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Post & Courier (Charleston, SC)


The Citadel has a new school president. A new athletic director should not be far behind.

Gen. Glenn M. Walters, a Marine and 1979 graduate, was announced as The Citadel's new president last week.

The retiring president, Lt. Gen. John Rosa, said he would leave it to the new president to hire the next athletic director.

The Citadel has been without a permanent AD since Jim Senter left for UTEP last November, and has formed an eight-member search committee to recommend finalists to Walters.

The Citadel has not hired a consulting firm to help with the search, according to school officials. Senior associate AD Rob Acunto has been serving as interim athletic director since Senter's departure.

At his presentation to The Citadel community during the interview process, Walters was asked about the role of athletics at the military school.

"Sports teach leadership," he said according to The Brigadier, the school newspaper. "Athletics taught us (in the Marines) where to go to get recruits. We went to Title IX areas. Women's volleyball makes great leaders."

Walter also talked about the value of teamwork taught in sports.

"If we (the military) went to Korea and we weren't a team, and we didn't have dignity and respect for each other, we would lose," he said.

Whoever is The Citadel's next AD, he or she will face many challenges. Here are five of the most urgent:

Finish the stadium

For an FCS school, The Citadel has half of a great college football venue at Johnson Hagood Stadium. It has about 11,000 seats on the west side, complete with revenue-generating club and luxury box levels.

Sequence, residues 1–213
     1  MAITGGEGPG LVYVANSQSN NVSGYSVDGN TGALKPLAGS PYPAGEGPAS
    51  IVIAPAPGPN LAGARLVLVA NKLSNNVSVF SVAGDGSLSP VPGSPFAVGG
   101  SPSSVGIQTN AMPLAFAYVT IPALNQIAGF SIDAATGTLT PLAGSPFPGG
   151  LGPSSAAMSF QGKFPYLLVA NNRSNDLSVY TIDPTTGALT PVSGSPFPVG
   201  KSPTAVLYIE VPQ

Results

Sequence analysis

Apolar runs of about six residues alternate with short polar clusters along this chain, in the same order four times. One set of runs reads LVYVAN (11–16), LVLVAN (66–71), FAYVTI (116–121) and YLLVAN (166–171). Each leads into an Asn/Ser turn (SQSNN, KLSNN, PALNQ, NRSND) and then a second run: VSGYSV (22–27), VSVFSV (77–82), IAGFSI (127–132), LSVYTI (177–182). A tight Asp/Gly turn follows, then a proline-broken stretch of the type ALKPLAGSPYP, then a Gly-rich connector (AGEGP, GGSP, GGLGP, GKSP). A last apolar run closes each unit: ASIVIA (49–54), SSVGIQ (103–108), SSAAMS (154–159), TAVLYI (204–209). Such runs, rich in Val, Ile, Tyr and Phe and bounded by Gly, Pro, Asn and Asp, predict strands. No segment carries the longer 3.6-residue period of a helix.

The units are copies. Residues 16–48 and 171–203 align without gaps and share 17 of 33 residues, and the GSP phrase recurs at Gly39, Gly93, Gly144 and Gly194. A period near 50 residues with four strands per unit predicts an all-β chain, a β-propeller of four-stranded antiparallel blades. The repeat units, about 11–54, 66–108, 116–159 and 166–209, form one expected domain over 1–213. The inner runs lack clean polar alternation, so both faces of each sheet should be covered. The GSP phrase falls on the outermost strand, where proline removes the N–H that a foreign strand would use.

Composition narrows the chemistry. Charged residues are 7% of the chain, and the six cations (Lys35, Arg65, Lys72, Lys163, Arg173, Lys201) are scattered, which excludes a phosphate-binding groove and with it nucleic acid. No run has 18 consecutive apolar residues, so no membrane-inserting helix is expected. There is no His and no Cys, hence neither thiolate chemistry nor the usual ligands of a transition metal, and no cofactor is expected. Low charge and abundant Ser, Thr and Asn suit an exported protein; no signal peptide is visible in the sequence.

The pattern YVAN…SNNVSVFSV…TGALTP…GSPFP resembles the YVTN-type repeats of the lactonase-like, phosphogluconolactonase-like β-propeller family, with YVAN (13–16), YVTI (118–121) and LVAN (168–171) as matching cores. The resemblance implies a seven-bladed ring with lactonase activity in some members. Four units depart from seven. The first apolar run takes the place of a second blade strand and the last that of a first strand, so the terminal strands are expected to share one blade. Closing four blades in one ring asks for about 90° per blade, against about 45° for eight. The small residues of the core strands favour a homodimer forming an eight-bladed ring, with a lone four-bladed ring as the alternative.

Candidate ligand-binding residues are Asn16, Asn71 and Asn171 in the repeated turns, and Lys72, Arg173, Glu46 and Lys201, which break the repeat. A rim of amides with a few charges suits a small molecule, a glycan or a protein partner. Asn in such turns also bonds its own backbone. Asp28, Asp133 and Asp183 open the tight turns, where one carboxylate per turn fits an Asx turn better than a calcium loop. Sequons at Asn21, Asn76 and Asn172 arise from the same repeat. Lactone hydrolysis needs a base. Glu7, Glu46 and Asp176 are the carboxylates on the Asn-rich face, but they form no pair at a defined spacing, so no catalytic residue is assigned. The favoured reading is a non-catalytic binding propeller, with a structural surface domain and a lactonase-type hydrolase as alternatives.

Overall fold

But the east side of the stadium has been reduced to temporary seating for about 2,000 spectators after the aging structure on that side was torn down last year .

In August of 2017, The Citadel's Board of Visitors approved a plan that calls for about 3,800 seats on the east side of the stadium, with about 40,000 square feet of "office, education and/or residential space."

At that time, the Board of Visitors requested that The Citadel Real Estate Foundation "develop detailed specifications, pricing and recommendations to finance and fund the cost of the new East Side facility."

But the Board of Visitors has made no further decisions on what the east side of the stadium will look like, and the price tag remains unknown. Getting the project moving again will be a top priority for the new AD.

Decision on Duggar

Before he left for UTEP, Senter oversaw the hiring of all three coaches in The Citadel's major sports - Brent Thompson in football, Duggar Baucom in basketball and Tony Skole in baseball.

Baucom's fate will likely be the first considered by the new AD. He is entering his fourth season at The Citadel with a record of 33-64, including a 12-42 mark in the Southern Conference.

Baucom has shown slight improvement in SoCon play each season, going from three wins to four to five last season. But since the end of last season's 11-21 campaign, four players have announced their intention to transfer, forcing Baucom to bring in at least two graduate-student transfers for next season.

The coach is entering the fourth year of his original five-year contract. The Citadel traditionally has honored coaches' contracts, allowing coaches to serve out their terms rather than fire them early and a pay a buyout. Another losing season for Citadel basketball might force the next AD to make that decision.

Master Plan

It was two years ago that The Citadel's Board of Visitors approved a master plan for Bulldog athletics that included more than $33 million in improvements and new buildings.

The plan called for a new $28.9 million, 95,000-square foot building that would house Citadel athletics, and upgrades to McAlister Field House and football and track practice facilities.